GOLDEN VALLEY, Minn. — To teach is to touch a life forever.
It’s a slogan Deb Mallin believes. On her office desk, there’s wood block with the following message:
Teachers who love teaching, teach children to love learning.
She founded the non-profit Literacy Matters Foundation and created a virtual tutor called Mighty Doodle.
According to the Minnesota Department of Education, data shows in grades 3 through 8 white students are performing at higher levels than students of color in the state. Reading data tells a similar story. And students with learning differences and those living in poverty have lowers scores.
Mallin, a teacher herself, believes this program will help close the learning and achievement gap.
“Minnesota has the largest literacy gap, Between those getting extraordinary education and those that are not, and that decision should not be based on your zip code,” she said.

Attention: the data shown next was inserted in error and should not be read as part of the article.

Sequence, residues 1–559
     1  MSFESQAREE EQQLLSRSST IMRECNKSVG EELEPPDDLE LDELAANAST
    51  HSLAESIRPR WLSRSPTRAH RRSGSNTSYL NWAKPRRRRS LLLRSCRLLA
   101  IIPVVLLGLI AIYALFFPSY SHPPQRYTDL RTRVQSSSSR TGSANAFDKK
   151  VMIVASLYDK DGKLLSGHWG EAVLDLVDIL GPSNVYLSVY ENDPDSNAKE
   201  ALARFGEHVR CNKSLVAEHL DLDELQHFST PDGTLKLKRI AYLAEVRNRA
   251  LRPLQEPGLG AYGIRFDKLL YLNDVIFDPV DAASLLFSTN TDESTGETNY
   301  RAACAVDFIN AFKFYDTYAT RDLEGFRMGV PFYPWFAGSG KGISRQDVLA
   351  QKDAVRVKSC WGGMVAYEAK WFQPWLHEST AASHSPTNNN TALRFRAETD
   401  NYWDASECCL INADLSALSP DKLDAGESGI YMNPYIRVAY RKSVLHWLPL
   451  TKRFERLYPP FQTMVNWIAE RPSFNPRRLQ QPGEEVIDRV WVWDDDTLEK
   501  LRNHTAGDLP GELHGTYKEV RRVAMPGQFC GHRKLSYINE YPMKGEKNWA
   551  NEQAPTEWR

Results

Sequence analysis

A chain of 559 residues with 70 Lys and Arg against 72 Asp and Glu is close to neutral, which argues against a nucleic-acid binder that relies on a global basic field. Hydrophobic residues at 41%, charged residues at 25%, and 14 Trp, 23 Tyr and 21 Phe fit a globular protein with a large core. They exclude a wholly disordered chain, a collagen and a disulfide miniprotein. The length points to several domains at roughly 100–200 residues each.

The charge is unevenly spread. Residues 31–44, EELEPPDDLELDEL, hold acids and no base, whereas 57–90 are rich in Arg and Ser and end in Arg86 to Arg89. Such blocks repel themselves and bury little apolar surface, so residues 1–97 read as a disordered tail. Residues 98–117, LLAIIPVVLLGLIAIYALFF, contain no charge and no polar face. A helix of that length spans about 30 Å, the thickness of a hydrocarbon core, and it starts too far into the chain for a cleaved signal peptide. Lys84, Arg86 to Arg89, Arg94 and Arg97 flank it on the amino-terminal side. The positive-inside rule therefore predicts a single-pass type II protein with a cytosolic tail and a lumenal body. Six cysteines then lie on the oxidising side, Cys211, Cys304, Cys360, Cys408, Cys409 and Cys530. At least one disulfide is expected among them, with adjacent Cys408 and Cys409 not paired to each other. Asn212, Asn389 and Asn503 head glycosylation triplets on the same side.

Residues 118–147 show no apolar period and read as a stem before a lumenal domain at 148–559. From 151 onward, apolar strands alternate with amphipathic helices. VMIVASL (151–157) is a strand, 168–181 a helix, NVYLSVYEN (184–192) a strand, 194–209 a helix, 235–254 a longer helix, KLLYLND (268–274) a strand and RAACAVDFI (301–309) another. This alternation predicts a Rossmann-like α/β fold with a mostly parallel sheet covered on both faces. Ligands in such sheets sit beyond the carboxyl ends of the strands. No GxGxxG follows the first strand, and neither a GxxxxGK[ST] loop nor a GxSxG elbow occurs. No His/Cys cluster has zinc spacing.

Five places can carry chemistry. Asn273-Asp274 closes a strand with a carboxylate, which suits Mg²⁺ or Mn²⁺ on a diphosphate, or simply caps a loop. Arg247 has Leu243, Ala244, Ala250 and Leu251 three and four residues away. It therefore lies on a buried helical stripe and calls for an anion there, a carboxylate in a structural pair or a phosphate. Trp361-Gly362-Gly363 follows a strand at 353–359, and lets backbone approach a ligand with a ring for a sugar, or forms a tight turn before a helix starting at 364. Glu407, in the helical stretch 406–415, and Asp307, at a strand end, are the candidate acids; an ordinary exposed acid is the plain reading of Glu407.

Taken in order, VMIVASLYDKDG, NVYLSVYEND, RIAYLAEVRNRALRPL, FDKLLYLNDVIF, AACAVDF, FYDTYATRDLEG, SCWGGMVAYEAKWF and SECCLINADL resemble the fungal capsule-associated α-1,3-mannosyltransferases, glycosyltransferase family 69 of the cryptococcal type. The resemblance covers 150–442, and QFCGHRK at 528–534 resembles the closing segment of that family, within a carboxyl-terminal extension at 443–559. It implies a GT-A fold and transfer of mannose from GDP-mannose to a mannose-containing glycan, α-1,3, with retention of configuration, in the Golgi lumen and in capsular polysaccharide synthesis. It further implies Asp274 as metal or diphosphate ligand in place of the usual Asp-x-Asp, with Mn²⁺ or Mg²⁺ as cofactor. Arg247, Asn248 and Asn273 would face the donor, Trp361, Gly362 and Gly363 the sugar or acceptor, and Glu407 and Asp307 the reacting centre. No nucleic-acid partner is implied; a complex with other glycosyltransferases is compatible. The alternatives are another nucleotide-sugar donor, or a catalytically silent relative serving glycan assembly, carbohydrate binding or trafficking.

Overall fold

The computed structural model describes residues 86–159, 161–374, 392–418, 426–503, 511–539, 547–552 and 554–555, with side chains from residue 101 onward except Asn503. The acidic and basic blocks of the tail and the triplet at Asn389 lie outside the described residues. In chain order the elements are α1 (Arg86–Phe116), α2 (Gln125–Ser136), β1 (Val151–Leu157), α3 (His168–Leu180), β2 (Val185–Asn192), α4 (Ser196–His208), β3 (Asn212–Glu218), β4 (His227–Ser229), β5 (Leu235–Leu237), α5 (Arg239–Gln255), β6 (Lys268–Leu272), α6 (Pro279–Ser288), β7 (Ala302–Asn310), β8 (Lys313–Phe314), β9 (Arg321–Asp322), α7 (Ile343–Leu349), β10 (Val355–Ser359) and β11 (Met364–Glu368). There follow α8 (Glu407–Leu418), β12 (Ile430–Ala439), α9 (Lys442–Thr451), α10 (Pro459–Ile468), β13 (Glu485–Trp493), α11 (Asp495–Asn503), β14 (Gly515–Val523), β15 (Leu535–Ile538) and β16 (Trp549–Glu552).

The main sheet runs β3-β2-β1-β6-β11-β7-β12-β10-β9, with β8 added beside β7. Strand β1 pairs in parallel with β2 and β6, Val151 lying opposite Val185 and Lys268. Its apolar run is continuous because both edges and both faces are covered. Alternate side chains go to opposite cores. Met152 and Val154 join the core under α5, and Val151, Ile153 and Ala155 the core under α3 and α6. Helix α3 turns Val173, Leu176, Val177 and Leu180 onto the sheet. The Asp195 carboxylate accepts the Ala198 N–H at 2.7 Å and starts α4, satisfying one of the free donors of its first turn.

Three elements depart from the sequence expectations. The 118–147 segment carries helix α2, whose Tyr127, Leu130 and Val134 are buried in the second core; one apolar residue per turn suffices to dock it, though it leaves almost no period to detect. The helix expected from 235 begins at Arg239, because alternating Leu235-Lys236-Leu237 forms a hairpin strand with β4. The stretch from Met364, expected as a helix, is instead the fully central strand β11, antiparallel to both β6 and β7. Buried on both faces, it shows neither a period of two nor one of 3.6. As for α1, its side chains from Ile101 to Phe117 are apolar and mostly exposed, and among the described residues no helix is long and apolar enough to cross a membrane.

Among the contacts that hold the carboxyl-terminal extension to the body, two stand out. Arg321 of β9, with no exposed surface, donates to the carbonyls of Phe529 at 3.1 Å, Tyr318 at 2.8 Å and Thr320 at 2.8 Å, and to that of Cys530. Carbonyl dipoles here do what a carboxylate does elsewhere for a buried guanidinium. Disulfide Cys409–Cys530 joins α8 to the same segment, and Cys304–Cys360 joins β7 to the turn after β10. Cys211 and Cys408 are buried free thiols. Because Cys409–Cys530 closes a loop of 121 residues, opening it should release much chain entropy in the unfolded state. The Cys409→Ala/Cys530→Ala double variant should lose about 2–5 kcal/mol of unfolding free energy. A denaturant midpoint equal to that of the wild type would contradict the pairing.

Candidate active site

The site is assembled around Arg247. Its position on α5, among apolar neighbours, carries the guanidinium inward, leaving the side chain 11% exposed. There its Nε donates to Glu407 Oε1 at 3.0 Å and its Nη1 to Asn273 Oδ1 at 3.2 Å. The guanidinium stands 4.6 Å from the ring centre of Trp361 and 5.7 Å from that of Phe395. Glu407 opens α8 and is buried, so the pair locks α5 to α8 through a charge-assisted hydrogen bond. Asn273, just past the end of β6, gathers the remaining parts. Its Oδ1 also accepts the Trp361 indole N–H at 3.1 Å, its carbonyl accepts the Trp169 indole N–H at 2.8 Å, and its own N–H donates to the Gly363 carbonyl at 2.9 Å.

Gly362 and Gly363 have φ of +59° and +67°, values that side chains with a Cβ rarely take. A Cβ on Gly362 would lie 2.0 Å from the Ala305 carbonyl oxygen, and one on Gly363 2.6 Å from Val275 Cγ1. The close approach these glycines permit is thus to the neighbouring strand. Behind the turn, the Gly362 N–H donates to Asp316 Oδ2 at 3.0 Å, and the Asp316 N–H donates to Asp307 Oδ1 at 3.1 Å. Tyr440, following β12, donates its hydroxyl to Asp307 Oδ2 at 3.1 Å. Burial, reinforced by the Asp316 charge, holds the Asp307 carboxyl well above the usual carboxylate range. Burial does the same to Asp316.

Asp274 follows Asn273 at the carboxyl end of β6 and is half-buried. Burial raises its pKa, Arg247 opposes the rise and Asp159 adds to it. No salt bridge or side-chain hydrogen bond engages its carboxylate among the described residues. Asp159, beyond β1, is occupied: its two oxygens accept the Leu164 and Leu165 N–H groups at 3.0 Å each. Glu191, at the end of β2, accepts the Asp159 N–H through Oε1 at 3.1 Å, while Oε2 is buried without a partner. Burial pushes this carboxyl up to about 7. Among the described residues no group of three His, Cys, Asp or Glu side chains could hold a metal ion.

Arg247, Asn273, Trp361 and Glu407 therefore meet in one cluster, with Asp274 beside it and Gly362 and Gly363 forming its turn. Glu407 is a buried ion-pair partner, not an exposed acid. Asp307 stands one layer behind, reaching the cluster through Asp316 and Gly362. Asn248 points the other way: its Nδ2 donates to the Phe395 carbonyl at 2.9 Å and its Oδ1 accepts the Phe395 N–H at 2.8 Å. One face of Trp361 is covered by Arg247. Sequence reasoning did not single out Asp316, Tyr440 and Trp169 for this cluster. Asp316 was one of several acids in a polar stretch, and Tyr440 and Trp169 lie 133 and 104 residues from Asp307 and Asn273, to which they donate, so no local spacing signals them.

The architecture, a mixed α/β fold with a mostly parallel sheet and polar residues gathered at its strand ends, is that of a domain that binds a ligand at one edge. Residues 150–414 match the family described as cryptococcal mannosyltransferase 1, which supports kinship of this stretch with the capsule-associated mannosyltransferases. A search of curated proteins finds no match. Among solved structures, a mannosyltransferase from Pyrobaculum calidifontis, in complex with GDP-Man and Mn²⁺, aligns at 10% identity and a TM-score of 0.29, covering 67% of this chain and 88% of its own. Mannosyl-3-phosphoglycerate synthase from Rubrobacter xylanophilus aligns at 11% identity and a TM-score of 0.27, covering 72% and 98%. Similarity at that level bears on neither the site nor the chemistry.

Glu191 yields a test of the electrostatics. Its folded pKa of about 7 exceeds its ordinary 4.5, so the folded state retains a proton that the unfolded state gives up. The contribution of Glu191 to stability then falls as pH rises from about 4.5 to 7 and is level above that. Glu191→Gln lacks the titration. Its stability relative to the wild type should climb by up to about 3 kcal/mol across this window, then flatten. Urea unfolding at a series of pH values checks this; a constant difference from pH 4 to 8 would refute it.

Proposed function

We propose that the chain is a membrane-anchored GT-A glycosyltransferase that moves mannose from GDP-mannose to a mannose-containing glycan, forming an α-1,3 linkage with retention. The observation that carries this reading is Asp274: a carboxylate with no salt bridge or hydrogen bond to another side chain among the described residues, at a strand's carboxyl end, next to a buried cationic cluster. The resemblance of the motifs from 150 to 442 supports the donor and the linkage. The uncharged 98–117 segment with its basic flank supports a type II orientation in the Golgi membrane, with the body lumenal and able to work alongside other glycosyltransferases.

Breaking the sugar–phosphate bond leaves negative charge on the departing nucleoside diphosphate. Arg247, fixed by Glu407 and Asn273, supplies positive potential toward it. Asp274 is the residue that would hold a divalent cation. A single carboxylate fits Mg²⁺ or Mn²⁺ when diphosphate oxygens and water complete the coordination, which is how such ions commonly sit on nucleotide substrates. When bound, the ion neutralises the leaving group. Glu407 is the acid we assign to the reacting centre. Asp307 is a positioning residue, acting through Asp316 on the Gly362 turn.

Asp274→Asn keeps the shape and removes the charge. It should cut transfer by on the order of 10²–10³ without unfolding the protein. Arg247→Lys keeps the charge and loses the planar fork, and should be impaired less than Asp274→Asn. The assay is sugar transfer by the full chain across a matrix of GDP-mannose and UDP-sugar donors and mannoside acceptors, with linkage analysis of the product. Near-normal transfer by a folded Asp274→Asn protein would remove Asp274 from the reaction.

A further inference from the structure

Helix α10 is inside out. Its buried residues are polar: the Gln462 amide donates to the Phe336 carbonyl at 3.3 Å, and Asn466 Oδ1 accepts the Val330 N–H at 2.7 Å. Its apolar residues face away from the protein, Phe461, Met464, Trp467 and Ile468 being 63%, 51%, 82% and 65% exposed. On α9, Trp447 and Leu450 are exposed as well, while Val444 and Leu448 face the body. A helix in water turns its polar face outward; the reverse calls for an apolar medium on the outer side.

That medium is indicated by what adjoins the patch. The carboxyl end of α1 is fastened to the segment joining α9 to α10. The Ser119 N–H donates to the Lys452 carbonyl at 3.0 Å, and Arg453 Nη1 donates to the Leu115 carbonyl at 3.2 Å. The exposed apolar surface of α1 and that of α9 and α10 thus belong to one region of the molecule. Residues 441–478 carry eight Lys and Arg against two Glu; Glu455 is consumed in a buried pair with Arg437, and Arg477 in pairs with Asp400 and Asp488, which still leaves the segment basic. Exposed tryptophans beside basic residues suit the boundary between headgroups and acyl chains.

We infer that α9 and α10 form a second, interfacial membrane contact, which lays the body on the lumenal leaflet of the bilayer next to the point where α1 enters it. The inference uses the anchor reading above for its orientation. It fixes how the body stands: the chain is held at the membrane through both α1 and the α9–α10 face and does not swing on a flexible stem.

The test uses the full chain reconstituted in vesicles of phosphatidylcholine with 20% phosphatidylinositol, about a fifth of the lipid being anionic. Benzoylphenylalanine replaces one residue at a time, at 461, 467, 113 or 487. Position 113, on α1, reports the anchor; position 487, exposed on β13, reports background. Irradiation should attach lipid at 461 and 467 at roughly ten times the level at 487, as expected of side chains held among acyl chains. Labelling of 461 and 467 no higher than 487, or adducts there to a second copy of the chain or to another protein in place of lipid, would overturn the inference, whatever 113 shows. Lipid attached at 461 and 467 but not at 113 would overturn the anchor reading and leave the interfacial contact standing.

The program’s 50 min sessions take students through a multi-sensory learning experience.
Mallin says the inspiration came from one of her sons who lives with dyslexia.
“I am the voice of mighty Doodle. The voice came from getting my own children off to school, especially my son with dyslexia who didn't want to go to school,” she said. “1 in 5 children has dyslexia. Think about a child growing up in poverty with a learning difference. We need to give them bootstraps and then they can pull themselves up.”
The program was tested in charter schools in Minneapolis and St. Paul. She says students who were at least three years behind grade level tested about four times higher on standardized test when compared to peers who didn't have Mighty Doodle.
She says two years into the program, they are measuring successes.
“When a child says,'I'm doing better in math and there are word problems and I knew the words. That is the most important data of all."
To learn more, visit the app's website.